Loving our city means both knowing and promoting it. A curious way to promote it is to describe its features, especially the most peculiar ones, which you would never find in a history book, that are the city’s memories. Bologna has a number of nicknames: la Dotta (the learned) for its ancient university, la Grassa (the fat) for the wonderful food, la Rossa (the red) for the warm color of its roofs.
BOLOGNA LA DOTTA (the learned)
The atmosphere of Bologna, which enchanted great writers such as Goethe, Dickens and Stendhal is partly created by the particular material and structure of its architecture.
Of various styles and lengths, the attractive porticoes in Bologna extend for about 38 Km. The porticoes were built in the Middle ages as enlargement of the residences, considered private property that was, however, occupied during the day by artisans’ and merchants’ stalls and offering refuge to itinerant students at night.
Entering Piazza Maggiore, known simply as the “piazza” by the locals, let yourself be seduced by the wide spaces, the great area surrounded by some of the buildings that can tell its story, Palazzo D’Accursio, the city’s Town Hall, which originally was housed in the ancient building of Hotel Commercianti and until a few years ago, Morandi Museum, and the Basilica of San Petronio.
Your journey of discovery around Bologna starts at the Fountain of Neptune, one of the symbols of our city and the work of the Flemish sculptor known as Giambologna. Before visiting the splendid setting of Piazza Maggiore, take a step back into the history of ancient Bononia and enter Sala Borsa. In the 19th century, Sala Borsa was the city’s economic centre and today it is a place of culture. With its rich, multi-media library, it has become one of the favourite meeting places for the people of Bologna. At the centre of the building is a covered square, where you will meet the first unexpected side of Bologna. Below your feet, a glass floor will offer you a view of the original city . The floor in glass allows visitors to view remains of the great Roman city of Bononia. Here, you will be able to have a coffee spanning two thousand years, while admiring the art nouveau ceilings and seeing close up the archaeological remains on which our city stands today.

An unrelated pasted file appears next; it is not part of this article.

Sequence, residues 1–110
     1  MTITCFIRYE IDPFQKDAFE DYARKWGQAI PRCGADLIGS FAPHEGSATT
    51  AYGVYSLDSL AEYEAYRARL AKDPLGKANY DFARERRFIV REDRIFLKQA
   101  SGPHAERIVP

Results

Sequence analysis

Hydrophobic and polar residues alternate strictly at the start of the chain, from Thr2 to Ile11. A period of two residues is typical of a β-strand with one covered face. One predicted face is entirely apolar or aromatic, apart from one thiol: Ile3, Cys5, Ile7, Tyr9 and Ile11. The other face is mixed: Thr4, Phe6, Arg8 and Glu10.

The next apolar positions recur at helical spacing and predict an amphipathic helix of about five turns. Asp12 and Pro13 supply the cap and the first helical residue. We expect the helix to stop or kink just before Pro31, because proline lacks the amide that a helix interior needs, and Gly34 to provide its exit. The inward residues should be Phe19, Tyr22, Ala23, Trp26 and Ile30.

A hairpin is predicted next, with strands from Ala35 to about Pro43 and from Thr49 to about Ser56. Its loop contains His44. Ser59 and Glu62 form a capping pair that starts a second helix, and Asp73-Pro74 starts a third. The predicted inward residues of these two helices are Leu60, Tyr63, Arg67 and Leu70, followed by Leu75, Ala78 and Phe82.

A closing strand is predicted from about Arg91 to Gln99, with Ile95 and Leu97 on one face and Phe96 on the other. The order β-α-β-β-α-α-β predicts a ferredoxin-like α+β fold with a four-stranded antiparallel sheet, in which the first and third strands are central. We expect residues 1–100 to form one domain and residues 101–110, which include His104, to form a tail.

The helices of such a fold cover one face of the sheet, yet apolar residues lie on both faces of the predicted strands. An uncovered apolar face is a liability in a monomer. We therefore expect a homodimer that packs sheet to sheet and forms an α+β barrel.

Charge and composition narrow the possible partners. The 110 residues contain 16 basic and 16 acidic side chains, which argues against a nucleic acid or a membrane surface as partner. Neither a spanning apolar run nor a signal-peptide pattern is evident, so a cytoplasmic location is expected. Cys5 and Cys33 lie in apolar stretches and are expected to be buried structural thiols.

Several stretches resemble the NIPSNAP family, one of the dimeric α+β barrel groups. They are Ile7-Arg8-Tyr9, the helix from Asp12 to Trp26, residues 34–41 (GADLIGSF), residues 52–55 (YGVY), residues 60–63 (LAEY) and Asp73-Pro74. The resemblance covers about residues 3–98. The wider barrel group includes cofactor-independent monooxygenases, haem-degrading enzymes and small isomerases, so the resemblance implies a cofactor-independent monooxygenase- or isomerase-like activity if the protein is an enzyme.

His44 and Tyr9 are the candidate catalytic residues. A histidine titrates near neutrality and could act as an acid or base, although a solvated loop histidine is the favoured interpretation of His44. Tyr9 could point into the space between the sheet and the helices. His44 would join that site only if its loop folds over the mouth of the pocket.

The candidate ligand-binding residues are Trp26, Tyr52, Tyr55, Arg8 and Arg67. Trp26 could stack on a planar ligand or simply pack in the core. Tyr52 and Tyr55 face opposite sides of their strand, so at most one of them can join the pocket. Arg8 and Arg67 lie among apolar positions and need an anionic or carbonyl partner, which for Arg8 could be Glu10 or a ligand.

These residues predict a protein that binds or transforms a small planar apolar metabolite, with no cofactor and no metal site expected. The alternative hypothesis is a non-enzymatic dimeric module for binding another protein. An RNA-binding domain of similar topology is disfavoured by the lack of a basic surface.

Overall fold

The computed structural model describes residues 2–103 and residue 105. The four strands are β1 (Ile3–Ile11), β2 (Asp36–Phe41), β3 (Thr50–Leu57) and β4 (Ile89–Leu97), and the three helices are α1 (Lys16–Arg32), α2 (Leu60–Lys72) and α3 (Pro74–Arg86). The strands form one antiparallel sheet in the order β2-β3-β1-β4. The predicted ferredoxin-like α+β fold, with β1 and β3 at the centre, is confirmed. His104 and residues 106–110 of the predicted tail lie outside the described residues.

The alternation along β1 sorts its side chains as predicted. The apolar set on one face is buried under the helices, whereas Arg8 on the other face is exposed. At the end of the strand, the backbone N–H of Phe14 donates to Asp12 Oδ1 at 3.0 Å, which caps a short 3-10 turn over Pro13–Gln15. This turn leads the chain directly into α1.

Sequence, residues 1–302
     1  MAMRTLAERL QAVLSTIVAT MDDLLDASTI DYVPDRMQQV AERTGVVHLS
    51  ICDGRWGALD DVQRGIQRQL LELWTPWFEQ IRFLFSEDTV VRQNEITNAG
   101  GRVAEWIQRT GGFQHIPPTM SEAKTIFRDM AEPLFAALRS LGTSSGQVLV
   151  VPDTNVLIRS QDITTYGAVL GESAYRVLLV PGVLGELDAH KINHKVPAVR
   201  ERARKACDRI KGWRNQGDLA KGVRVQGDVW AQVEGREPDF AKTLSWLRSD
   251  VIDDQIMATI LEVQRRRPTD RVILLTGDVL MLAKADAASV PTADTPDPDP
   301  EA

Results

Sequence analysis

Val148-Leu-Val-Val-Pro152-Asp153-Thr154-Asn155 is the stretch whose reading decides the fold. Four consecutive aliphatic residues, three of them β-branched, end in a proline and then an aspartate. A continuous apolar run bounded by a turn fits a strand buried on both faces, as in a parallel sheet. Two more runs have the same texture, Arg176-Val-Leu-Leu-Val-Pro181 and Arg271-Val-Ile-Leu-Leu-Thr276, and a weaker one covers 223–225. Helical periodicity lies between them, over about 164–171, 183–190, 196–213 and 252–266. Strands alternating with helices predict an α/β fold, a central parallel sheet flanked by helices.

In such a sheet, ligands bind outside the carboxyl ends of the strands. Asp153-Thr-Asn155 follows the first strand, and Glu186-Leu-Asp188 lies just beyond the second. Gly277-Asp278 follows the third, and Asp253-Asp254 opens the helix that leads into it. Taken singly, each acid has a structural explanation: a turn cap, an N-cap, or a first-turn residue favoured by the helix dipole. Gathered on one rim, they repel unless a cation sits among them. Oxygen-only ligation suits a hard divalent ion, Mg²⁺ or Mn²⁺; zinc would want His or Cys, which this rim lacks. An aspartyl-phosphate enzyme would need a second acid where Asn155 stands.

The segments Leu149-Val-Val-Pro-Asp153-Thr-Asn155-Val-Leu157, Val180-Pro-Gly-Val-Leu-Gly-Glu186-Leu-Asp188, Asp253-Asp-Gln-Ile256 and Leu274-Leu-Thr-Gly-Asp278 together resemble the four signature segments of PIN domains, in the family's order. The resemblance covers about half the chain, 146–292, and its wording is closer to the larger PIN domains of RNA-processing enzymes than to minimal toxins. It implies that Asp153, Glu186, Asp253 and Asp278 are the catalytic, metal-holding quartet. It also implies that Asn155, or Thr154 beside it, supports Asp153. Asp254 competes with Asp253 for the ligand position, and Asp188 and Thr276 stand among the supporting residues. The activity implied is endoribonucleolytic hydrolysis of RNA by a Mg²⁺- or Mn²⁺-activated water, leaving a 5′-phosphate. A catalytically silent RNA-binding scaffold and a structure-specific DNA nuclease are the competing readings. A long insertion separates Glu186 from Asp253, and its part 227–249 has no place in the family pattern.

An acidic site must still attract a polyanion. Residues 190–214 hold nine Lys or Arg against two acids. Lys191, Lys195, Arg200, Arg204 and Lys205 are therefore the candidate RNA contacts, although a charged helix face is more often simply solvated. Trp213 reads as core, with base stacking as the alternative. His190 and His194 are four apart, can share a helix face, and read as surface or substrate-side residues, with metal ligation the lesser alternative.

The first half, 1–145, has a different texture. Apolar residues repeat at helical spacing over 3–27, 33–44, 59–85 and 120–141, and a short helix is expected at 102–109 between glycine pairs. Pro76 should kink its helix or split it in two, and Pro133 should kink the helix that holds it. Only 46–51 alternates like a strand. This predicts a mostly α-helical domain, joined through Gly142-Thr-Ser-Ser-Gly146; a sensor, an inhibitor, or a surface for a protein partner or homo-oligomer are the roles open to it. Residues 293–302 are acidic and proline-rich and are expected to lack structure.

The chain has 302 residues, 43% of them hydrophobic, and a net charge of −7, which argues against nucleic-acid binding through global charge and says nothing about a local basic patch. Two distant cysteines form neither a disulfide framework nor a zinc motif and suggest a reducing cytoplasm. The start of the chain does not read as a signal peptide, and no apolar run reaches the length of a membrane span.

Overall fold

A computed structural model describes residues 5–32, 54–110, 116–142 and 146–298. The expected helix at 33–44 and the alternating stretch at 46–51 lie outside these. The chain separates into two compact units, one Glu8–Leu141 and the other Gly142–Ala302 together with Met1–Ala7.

BOLOGNA LA GRASSA (THE FAT)
After discovering Bologna “The Learned”, spend time exploring Bologna “The Fat”, the Bologna of good food and the heart of Italian cuisine. This is the home of fresh pasta, like tortellini, lasagne and tagliatelle, the famous mortadella, sausage, nearby there are the finest producers of Parma ham, Parmigiano cheese and balsamic vinegar. Go back on yourself, behind Piazza Maggiore, and enjoy wondering through the narrow streets of the old city market, the Quadrilatero. Bologna is one of Italy’s most important university cities, and with more than 80,000 students living here there is a huge choice for budget eating and drinking. The evening aperitivo is a ritual rendezvous, replacing dinner, with complimentary buffet.